Oh yeah, Obama likes ethanol and nuclear power, too, though no one knows how to energize vegetable matter without costing more power than you gain – and as yet nuclear isn’t fail-safe, nor is radioactive waste disposal resolved. So, you might say Obama was for partial energy fixes, while reinforcing all the major entrenched industries, then seemingly against big oil, big energy models, and now reluctantly gives up offshore drilling (or does he, changing every week?). Where’s the grand design, where’s the big answer to big tasks?
The list goes on as candidate Obama pitched national infrastructure restoration, like FDR’s, and yet quick fix programs stay with shovel-ready jobs (though few are happening efficiently). On Katrina, Obama eviscerated Bush’s negligence and callousness yet few brag about the president’s Gulf timing, focus, or problem-solving. And finally, against Hillary, he defended the public option as the best way to restrain costs and make health insurance reform honest. But that choice was never pushed, frittered away in vacuous negotiations, talked about oh so briefly, then abandoned. So, you’d be absolutely right to say Obama was strongly for the public option before he dumped it, sadly without a fight. Perhaps it was never passable but no thanks to the president and his chief of staff Emanuel for leaving the field of battle.
Usually, presidents go down with a bang, not a whimper. Overrides of dramatic vetoes by Congress, battlefield losses, horrendous scandals, indefensible staff blunders, or dramatic electoral losses. Well, we have plenty of the last: the (incumbent) loser column for favored White House candidates is dismal.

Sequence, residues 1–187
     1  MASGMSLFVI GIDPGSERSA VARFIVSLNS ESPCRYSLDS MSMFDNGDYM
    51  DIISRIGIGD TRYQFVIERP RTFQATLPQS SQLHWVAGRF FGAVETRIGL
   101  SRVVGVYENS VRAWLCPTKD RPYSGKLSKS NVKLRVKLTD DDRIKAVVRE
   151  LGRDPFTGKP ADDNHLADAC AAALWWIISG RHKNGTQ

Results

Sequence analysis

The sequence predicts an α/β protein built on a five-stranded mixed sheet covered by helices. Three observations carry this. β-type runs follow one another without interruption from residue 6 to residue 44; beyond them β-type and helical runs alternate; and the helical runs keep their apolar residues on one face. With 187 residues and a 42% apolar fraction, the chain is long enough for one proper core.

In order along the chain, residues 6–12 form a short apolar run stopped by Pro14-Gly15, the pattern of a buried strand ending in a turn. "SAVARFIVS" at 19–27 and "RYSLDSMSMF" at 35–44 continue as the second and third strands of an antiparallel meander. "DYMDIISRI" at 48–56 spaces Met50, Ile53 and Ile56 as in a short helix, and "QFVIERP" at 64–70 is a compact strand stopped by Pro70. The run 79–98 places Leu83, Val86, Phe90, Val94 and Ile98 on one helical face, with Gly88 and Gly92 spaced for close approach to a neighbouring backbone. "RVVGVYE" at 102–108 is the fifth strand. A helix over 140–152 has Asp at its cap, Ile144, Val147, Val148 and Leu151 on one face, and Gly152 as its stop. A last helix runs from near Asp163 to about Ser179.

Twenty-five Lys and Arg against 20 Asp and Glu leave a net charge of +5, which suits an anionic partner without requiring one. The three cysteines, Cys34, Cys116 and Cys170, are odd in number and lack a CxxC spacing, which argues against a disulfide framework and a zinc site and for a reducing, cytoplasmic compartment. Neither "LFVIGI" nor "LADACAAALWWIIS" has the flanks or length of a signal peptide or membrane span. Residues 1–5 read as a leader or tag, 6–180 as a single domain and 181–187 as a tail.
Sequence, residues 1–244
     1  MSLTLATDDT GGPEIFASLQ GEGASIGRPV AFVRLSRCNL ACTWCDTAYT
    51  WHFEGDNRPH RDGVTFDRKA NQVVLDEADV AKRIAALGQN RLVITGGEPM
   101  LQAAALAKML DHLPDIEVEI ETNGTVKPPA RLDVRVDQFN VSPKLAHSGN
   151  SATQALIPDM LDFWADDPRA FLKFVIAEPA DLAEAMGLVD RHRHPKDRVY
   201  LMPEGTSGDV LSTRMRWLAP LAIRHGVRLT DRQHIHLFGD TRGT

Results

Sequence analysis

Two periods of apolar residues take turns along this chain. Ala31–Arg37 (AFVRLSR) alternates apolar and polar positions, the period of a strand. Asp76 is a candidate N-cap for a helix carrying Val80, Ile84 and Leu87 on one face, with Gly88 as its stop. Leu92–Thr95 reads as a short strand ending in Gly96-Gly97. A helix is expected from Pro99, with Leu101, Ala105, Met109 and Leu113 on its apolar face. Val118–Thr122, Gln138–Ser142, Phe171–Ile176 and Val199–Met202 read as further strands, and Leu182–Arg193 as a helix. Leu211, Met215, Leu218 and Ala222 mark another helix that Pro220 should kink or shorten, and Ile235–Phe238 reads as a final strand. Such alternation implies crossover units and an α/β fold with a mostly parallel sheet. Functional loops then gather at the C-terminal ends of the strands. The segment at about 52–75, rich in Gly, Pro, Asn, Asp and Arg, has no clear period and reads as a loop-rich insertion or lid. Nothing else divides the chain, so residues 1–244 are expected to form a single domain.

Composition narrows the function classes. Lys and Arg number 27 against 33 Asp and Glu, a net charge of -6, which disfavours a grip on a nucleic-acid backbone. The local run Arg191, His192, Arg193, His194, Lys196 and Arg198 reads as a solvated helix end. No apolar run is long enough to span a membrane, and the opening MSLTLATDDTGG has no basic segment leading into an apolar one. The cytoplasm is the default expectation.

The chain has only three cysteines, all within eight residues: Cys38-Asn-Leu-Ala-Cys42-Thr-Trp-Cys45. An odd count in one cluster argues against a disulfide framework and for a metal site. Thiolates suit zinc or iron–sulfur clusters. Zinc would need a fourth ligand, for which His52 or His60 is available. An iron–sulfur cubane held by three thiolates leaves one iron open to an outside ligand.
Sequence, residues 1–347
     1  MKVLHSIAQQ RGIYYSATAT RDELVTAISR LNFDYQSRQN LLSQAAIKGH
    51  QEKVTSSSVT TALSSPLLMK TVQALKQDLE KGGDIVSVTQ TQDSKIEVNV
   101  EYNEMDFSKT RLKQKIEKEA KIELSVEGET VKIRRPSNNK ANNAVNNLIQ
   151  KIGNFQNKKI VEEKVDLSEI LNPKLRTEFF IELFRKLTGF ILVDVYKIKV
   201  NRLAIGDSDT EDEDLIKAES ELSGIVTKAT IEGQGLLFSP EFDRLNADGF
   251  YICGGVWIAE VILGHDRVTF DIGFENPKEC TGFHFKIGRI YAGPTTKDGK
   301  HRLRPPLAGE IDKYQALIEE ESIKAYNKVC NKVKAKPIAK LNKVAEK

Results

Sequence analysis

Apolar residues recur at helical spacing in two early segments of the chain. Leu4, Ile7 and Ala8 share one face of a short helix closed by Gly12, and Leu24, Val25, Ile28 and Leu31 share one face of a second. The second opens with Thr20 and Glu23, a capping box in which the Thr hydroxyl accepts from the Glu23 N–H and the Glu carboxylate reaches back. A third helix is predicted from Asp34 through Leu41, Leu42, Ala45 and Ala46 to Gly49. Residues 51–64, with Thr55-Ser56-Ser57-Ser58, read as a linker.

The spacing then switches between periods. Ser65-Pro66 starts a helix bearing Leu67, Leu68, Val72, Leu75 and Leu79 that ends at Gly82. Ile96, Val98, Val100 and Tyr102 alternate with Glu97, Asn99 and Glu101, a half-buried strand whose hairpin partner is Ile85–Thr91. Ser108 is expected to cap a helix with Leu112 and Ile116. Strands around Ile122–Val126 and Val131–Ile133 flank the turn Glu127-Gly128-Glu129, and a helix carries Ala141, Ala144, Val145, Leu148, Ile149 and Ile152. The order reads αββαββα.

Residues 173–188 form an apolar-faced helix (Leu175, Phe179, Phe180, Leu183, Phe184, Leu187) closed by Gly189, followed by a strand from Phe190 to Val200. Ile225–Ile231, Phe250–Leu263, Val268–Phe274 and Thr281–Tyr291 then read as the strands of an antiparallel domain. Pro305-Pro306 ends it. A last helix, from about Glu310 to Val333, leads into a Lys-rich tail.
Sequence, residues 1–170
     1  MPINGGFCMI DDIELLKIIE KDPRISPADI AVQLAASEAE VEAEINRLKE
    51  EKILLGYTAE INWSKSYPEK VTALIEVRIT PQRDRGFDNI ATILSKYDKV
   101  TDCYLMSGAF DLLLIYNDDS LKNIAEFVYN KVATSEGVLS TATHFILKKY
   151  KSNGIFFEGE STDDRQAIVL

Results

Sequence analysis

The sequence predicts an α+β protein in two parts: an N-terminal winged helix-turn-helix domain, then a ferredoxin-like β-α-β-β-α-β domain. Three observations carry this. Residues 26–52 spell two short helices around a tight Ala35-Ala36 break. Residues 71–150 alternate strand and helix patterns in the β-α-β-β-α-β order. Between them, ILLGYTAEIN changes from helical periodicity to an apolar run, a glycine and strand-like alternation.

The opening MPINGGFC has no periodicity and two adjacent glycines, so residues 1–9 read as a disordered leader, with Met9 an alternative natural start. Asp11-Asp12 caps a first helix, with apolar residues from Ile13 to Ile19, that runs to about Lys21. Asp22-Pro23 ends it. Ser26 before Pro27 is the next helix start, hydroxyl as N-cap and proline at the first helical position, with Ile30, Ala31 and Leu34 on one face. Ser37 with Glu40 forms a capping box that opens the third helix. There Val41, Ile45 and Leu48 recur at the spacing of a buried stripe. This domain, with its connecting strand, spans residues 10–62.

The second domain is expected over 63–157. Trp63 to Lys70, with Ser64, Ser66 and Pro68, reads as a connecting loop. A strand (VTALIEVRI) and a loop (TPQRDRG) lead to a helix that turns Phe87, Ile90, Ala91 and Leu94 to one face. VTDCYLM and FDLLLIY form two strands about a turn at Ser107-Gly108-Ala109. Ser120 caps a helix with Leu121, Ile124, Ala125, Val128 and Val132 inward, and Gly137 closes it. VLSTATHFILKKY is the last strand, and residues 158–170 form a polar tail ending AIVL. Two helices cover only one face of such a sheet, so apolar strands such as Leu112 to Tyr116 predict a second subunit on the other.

Big Promise, Small President
Jimmy Carter lost face because of impossible economic conditions and an unsuccessful Iranian hostage gamble, Reagan’s credibility dissipated when the Iran-Contra scandal exploded, Bush I unwisely promised tax relief (then reversed), and Bill Clinton – well, between the health care debacle and kiddy sex spectacle – okay, he for one outlasted his gaffes. W. stumbled on Katrina but he was already damaged goods because his administration broke the record for blunders.
But none of these besmirched leaders quite matches Obama’s fusion of wimpy and whimper, what Dana Milbank presents as 1) not acting, 2) then apologizing for it, 3) all the while decorating the “East Room with wuddas, cuddas and shuddas.” Readiness to apologize is a good thing but, really, it can be overdone if you’re trying to make burned-out skeptics believe their government can work. Somehow, faux reassurances don’t wash, nor would manufactured anger: competence is all – and action that matters is AWOL. Why not at least identify Bush-Cheney’s inexcusable, uninvestigated responsibility?
This candidate promised to be a big president, and the daunting dilemmas at his doorstep matched his vaunted ambition. But instead, we get dilly-dallying and contradiction, a slew of campaign betrayals and the inability or unwillingness to find a hill to die on – to show what fighting (or decision-making or leadership) really mean. Worst of all, on major challenges, we get small, slow, wary, and partial – which over time acts against big, bold, and systemic reform. I fear what we see is what we get. More’s the pity.